A business loan agreement is a legal contract that defines the conditions of repayment, interest rates, required collateral, default penalties, and other terms between the borrower (a firm) and lender (usually a bank). Before you ask for a loan from a financing institution, it’s critical to evaluate your company’s demands.
A business loan agreement protects both parties in case of unforeseen events. Usually, a business loan agreement has a term period ranging from 6 months to 5 years. The borrower promises to pay the principal amount along with the interest amount in installments over time.
It is a legally binding document between the lender and borrower containing details regarding the loan, like loan amount, repayment term and due dates, interest rates, and other costs.
Working on the business loan agreement
Business loan agreements are generally provided by lenders when you are obtaining a loan from banks, credit unions, and other financial institutions. But when you obtain a private loan from an individual, you need to prepare your business loan agreement.
It is advisable to consult a business attorney while signing or drafting a business loan agreement. However, you must know a few common terms and sections related to it before drafting a loan agreement.
Components of a business loan agreement
The same general components are included in most of the agreements. However, some changes are made by the drafter regarding components like repayment, non-payment, default, etc. Some of the common components are mentioned below –
It is a part of a loan agreement in which the borrower makes a promise to the lender to repay the loan amount with interest at the set date. In simpler words, it is a promise made by the borrower to the lender to repay his loan on time.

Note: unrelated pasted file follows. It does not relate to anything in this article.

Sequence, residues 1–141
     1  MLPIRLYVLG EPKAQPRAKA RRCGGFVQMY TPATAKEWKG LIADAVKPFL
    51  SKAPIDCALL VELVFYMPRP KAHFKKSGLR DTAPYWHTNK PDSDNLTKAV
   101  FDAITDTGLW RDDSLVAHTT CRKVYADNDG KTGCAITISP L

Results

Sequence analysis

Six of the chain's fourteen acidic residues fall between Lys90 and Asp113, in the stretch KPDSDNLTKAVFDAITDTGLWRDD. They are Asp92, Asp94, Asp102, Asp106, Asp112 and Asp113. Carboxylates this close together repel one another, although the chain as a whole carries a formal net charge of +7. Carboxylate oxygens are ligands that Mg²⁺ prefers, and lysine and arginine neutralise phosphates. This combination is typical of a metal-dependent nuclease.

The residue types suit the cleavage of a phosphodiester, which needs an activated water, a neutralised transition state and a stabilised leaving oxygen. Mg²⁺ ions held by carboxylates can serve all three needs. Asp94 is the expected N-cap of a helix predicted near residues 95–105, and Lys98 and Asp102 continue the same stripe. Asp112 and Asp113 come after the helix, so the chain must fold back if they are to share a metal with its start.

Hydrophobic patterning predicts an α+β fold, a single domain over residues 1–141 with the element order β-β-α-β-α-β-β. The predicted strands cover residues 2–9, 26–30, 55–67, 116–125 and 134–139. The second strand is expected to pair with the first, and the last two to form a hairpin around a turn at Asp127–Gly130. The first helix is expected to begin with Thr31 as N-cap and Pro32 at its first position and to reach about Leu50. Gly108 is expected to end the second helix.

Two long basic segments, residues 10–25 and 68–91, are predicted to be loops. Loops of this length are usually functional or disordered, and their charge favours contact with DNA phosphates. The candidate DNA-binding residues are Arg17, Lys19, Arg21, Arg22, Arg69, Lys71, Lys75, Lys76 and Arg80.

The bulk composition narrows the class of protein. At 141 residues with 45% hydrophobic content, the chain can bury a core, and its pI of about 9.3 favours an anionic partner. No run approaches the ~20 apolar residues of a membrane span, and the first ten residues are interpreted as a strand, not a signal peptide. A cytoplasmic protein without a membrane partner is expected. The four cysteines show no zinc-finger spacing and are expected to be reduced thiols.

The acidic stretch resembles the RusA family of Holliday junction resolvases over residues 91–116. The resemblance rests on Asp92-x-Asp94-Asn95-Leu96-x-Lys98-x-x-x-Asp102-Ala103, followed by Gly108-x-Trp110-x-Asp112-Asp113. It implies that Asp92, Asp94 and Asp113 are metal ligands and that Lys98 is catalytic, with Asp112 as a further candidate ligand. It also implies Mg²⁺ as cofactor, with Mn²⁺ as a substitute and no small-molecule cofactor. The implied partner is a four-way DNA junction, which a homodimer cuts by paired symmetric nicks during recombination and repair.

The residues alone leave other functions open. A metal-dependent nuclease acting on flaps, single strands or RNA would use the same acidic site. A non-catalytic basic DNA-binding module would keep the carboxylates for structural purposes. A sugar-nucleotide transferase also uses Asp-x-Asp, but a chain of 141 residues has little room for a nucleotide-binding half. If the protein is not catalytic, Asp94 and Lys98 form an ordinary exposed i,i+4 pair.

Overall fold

The effective date of the loan agreement is the date when the agreement becomes binding on both parties. Generally, it is the date on which the funds for the loan are distributed.
Parties, their relationship, and the amount of loan provided
The loan agreement must contain the names of both the lender and the borrower at the beginning of the document. It should also contain the address and other necessary identification details (like aadhar card no., PAN Card details, etc.)regarding both parties.
The agreement must also specify the relationship between the parties. You must mention if you are friends, relatives, or have a purely professional relationship with each other.
Lastly, it must specify the exact amount of loan borrowed by the borrower. It should be stated in the first part of the agreement.
Collateral refers to the valuable property the borrower owns that will pass to the business or person lending the money if the debt is not repaid.
For the loan to be secured, the agreement must contain a section mentioning the collateral. In the case of a mortgage, the land purchased will serve as collateral. However, collateral can be a vehicle or any other asset.
Terms and Conditions Applied
The terms of an installment loan, including the installment agreement, are typically included in this section of a business loan agreement together with other essential elements like the loan amount, duration, and interest rate. Other terms and conditions, like whether prepayment is permitted by the conditions of the agreement, may also be stated in this section.
Penalties on non-payment
This section of the loan agreement includes conditions regarding what will happen if the borrower misses a payment. This section often states whether the borrower has a grace period in which to make a late payment without incurring penalties.
Clause Regarding Defaults and Acceleration
This section addresses the fines and other penalties that apply if the borrower defaults on the loan. The agreement may also contain an acceleration clause that states that if the borrower fails to comply with any of the conditions outlined in it, the full loan debt will become due immediately.
Every company loan agreement should have a provision that explains which state law will apply because laws differ from one state to another. This governs how the entire contract is written, but it is extremely vital in the event of a contract dispute. To ensure that the loan arrangement complies with appropriate state law, it is best to hire a local attorney.